Victoria Beckham Adobe Marketing

A decade on, Victoria Beckham wants her eponymous fashion brand to move into cosmetics


By Rebecca Stewart, Trends Editor

May 4, 2018 | 6 min read

When a young Victoria Beckham, then Adams, joined the Spice Girls she told the group's manager Simon Fuller that she wanted them to "be more famous than Persil Automatic". Now, fresh from a £30m cash injection in her fashion house she holds the same ambitions for own business, and a decade after its launch she's eyeing other industries too.

Victoria Beckham fashion brand headshot

2018 marks 10 years since Beckham, who "always wanted to get into fashion," launched her namesake monkier / Victoria Beckham

As well as making sure her eponymous womenswear brand is investing heavily in digital and e-commerce, Beckham has her eye firmly set on redefining the luxury in-store experience and moving into new categories like makeup.

"I want to get bigger and bigger. There are lots of other things I want to do [like expanding into] other categories, including beauty."

Having previously worked with Estee Lauder on high-end formulas and palettes, the popstar-turned-designer has now decided to go it alone.

"I've now decided I want to do that myself, as well as skincare and fragrance, and really go direct to consumer. I want to do kids clothes and mens clothes too. I just don't want to do anything too quick. I'm very hands on with everything from the design to the strategy of the brand so really it's when I have time to do those things," she said.

2018 marks 10 years since Beckham, who "always wanted to get into fashion," launched her namesake monkier, with online and in-store propositions. Still in charge of overseeing production and design, she said she wants to "build one of the greatest fashion brands of the future.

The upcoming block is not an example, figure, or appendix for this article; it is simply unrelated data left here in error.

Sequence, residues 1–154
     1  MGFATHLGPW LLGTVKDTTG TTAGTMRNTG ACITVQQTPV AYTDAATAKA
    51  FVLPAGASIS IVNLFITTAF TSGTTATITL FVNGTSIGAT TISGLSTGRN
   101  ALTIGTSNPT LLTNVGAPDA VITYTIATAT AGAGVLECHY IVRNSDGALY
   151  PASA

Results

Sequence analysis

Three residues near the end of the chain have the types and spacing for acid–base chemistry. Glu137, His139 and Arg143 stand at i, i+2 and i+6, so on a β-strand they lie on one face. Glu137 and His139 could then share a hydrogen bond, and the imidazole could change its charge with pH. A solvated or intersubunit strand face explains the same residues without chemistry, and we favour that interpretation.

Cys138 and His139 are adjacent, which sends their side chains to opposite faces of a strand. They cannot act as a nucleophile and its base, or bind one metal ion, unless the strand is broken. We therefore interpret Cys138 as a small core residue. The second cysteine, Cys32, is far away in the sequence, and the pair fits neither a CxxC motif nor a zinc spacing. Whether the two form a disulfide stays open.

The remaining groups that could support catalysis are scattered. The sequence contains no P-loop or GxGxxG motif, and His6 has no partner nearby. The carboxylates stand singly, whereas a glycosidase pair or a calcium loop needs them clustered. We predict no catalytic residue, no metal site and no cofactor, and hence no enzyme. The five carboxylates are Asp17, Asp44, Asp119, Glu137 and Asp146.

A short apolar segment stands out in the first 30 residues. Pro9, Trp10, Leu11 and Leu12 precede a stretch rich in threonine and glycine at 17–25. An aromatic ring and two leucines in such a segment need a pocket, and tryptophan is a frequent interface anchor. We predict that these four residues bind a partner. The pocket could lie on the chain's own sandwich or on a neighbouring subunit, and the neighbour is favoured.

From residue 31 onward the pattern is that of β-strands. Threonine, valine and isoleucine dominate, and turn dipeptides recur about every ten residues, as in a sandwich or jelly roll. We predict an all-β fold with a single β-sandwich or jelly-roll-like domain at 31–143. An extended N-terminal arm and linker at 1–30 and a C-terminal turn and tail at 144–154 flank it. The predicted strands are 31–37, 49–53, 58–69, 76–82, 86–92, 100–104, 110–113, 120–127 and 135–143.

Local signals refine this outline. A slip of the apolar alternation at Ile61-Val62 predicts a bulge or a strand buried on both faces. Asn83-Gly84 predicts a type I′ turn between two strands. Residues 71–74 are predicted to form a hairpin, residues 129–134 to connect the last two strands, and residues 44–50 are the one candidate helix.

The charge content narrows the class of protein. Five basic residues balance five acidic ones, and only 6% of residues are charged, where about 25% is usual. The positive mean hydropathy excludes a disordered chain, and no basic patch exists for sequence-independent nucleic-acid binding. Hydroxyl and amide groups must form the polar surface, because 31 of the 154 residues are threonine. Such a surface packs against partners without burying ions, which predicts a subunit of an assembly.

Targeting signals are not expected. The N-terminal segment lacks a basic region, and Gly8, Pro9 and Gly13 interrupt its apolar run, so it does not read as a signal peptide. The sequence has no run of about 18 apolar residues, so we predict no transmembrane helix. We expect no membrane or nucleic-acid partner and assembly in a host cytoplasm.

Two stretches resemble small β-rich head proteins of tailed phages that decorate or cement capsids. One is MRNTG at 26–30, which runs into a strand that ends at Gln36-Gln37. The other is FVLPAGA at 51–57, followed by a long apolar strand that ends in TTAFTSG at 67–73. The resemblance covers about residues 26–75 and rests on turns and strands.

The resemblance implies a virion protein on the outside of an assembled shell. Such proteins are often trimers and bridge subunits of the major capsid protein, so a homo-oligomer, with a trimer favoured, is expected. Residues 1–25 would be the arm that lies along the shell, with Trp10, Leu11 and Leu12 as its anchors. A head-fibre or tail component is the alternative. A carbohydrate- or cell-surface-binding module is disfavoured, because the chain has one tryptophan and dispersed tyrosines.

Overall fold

Despite having always been the most in-vogue of all the Spice Girls (Posh Spice was, after all, the only one who wore Gucci in the Spice World movie) the fashion glitterati greeted her debut range with a mixture of cynicism and surprise.

In 2008, Vogue exclaimed: "The woman formerly known as Posh Spice has launched a dress collection, and, believe it or not, it’s one of the hottest things going in New York this week."

Now, the business has now evolved to sell shoes, sunglasses, bags and "more conversational prints" in the form of a slightly less expensive VVB collection, available in stores like Selfridges. She's also collaborated with the likes of Reebok.

The most recent financial year it filed results for (2016), the Victoria Beckham label incurred losses to the tune of £8.4m due to "heavy" investments in design, production, sales and marketing. Revenues, however, clocked in at £36.3m and in February the brand welcomed £30m investment in from growth equity group Neo Investment Partners in exchange for a minority stake the firm.

#VVBPreSS18 now in stores and at x VB #VBDoverSt

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While some consumers are likely to associate the brand with glossy, and sometimes controversial print ads, speaking at the Adobe Summit in London Beckham estimated she has around 75 million followers on social, and explained that Instagram was her favourite way of reaching eyeballs.

Followers of Beckham - who doesn't have a separate Instagram profile for her brand - will be used to seeing stylised fashion shots on her feed. These she said are devised by the label's social strategy team, but she also take the reins herself showcasing the life of her and her footballer husband David's more candid moments.

"I like to ads a little bit of personality and family to it. I am my brand, so yes it's about my collections but it's also about me and my family," she said.

Away from online, Beckham wants to use her exhibition-style physical stores in London and Hong Kong – which were designed by Farshid Moussavi – to make people think differently about luxury.

There are no tils, just iPads, and Beckham frequently exhibits other creatives' work on the walls and hosts events.

Discussing her flagship Dover Street store, where she occasionally pops up in the dressing rooms to consult women on their purchases, she said: "It's a very different shopping experience to one other luxury brands have to offer."

A "Pretty Woman"-esque moment during the Spice Girls era in which an assistant at an unnamed designer store told Beckham there would be nothing in the store for her, prompted her to operate an open-door, pared back philosophy.

"I want everyone to feel welcome in my store whether they're coming to buy something or they want to be nosey or buy something, or check out the architecture."

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